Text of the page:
311 Izanagi (QPS-SAR)   Japan 11 December 2019, 09:55 UTC ~100 kg PSLV-QL C48
312 Duchifat-3   Israel 2.3 kg
313 1HOPSAT   United States 22 kg
314-317 4 x Lemur-2 ?
318 Tyvak-0129 (PTD 1) 11 kg
319 Tyvak-0092 (COMMTRAIL)   Italy ?

2020sEdit

No. Satellite Country Launch date Launch mass Launch vehicle Remarks
320 R2   Lithuania 7 November 2020, 09:41 UTC - PSLV-DL C49 Technology demonstration satellite.
321-324 Kleos
(KSM-1A, 1B, 1C and 1D)
  Luxembourg - For maritime applications.
325-328 Lemur-1, 2, 3 and 4   United States - Remote sensing applications
329 Amazônia-1   Brazil 28 February 2021, 04:54 UTC 637 kg PSLV-DL C51 First Earth observation satellite entirely developed by Brazil.
330-341 12 x SpaceBEE   United States 12 x 4 kg
342 SAI-1 Nanoconnect-2   United States/  Mexico -

Satellites launched from India by countryEdit

Data as of 28 February 2021, * indicates inclusion of satellites developed in international collaboration by particular country
No. Country Total Number of Satellites
1   United States 249*
2   United Kingdom 14
3   Germany 13*
3   Canada 13
5   Singapore 8
6   South Korea 6
7   Israel 5*
7   Italy 5
7   Japan 5
7   Luxembourg 5
11   Belgium 4*
11    Switzerland 4*
11   Algeria 4
11   Lithuania 4
15   Netherlands 3*
15   Austria 3
15   Finland 3
15   France 3
15   Indonesia 3
20   Denmark 2
21   Argentina 1
21   Australia 1
21   Brazil 1
21   Chile 1
21   Colombia 1
21   Czech Republic 1
21   China 1
21   Kazakhstan 1
21   Latvia 1
21   Malaysia 1
21   Mexico 1*
21   Norway 1
21   Slovakia 1
21   Spain 1
21   Turkey 1
21   United Arab Emirates 1
Total 36 countries 342 satellites

See alsoEdit

ReferencesEdit

  1. ^ "International Customer Satellites Launched". www.antrix.gov.in. Archived from the original on 25 April 2016. Retrieved 25 April 2016.
  2. ^ "India says PSLV launches generated $601 million in commercial launch fees 2013-2015 - SpaceNews.com". SpaceNews.com. 30 March 2016. Retrieved 25 April 2016.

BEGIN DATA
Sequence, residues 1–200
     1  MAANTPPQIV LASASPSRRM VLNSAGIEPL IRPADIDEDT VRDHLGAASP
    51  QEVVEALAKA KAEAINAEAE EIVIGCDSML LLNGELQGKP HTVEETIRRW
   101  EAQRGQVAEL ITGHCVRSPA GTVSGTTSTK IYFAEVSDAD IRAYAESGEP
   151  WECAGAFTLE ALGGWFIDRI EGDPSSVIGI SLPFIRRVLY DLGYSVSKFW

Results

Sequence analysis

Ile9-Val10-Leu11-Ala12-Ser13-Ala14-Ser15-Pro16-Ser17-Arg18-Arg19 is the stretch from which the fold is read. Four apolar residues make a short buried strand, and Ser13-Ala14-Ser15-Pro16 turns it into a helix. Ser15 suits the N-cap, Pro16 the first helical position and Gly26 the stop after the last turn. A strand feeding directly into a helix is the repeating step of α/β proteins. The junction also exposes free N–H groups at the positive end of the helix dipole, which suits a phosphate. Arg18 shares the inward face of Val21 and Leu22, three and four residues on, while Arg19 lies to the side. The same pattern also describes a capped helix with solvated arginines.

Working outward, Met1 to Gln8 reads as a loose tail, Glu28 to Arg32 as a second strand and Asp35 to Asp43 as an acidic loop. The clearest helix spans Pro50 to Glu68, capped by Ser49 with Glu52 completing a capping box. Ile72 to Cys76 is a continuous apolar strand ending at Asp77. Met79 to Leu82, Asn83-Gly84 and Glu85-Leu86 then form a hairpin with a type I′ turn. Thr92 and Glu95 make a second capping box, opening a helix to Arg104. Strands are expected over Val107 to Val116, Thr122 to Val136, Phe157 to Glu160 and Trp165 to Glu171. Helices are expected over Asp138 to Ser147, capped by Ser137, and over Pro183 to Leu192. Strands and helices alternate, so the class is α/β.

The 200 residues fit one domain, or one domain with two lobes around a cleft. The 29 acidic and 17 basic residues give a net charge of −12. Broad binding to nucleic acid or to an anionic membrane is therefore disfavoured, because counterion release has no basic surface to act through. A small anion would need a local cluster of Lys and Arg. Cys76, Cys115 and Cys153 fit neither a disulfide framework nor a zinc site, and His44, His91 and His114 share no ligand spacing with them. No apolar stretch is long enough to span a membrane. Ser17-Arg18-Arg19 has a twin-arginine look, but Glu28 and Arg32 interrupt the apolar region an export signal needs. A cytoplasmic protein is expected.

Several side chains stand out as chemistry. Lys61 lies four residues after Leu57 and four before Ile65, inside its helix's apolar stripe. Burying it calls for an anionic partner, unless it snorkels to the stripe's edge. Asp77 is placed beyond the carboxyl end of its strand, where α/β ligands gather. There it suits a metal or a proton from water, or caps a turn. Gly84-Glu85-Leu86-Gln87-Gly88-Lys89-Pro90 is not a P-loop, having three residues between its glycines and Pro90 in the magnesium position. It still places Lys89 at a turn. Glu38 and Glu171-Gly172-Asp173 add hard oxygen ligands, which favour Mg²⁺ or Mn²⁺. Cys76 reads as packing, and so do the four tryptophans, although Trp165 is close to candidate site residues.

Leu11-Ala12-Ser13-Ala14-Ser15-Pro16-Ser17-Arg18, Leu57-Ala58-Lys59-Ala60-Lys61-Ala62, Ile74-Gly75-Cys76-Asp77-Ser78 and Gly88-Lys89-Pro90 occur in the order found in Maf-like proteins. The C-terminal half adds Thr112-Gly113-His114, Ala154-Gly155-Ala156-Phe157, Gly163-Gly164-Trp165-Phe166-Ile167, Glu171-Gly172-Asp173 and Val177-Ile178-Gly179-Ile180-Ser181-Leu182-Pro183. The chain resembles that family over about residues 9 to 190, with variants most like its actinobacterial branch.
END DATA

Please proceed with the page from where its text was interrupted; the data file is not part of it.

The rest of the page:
3. ^ "ISRO Launches PSLV-C37 Rocket: Here's the List of 104 Satellites on Board". NDTV Gadgets360. Retrieved 15 February 2017.
  4. ^ "ISRO launches 104 satellites in one go, creates history". The Hindu. 15 February 2017. Retrieved 15 February 2017.
  5. ^ Wattles, Jackie. "SpaceX launches 143 satellites on one rocket in record-setting mission". CNN. Retrieved 24 January 2021.
  6. ^ "PSLV Successfully Launches Ten Satellites - ISRO". www.isro.gov.in. Retrieved 15 August 2018.
  7. ^ "PSLV-C14 Successfully Launches Oceansat-2 Satellite - ISRO". www.isro.gov.in. Retrieved 15 August 2018.
  8. ^ "PSLV-C15/CARTOSAT-2B - ISRO". www.isro.gov.in. Retrieved 15 August 2018.
  9. ^ Subramanian, T. s (12 October 2011). "PSLV-C18 puts four satellites in orbit". The Hindu. ISSN 0971-751X. Retrieved 15 August 2018.
  10. ^ "PSLV-C16/RESOURCESAT-2 - ISRO". www.isro.gov.in. Retrieved 15 August 2018.
  11. ^ "PSLV-C20 - ISRO". www.isro.gov.in. Retrieved 15 August 2018.
  12. ^ Jesudasan, Dennis S. "PSLV C-28 launches five UK satellites". The Hindu. Retrieved 15 March 2017.
  13. ^ Krishnan, Raghu (26 September 2015). "US start-up Spire to ride on Indian rocket to space with Astrosat". Business Standard India.
  14. ^ "ISRO sets record with 20 satellites launched at once: All you need to know". The Indian Express. 22 June 2016. Retrieved 22 June 2016.
  15. ^ "Full coverage: ISRO's 20-satellite launch, its largest ever, successful". The Indian Express. 22 June 2016. Retrieved 22 June 2016.
  16. ^ "PSLV-C35 / SCATSAT-1 Brochure - ISRO". www.isro.gov.in. Retrieved 26 September 2016.
  17. ^ "KickSat 1, 2". space.skyrocket.de. Retrieved 11 May 2020.
  18. ^ "PSLV-C37 Successfully Launches 104 Satellites in a Single Flight - ISRO". www.isro.gov.in. Retrieved 15 August 2018.
  19. ^ "PSLV-C38 Successfully Launches 31 Satellites in a Single Flight - ISRO". www.isro.gov.in. Retrieved 15 August 2018.
  20. ^ "NUDTSat (QB50 CN06)". Grunter's Space Page. Retrieved 19 January 2020.
  21. ^ Edmond, Deepu Sebastian (12 January 2018). "ISRO workhorse PSLV-C40 puts 31 satellites in space". The Hindu. ISSN 0971-751X. Retrieved 15 August 2018.

External linksEdit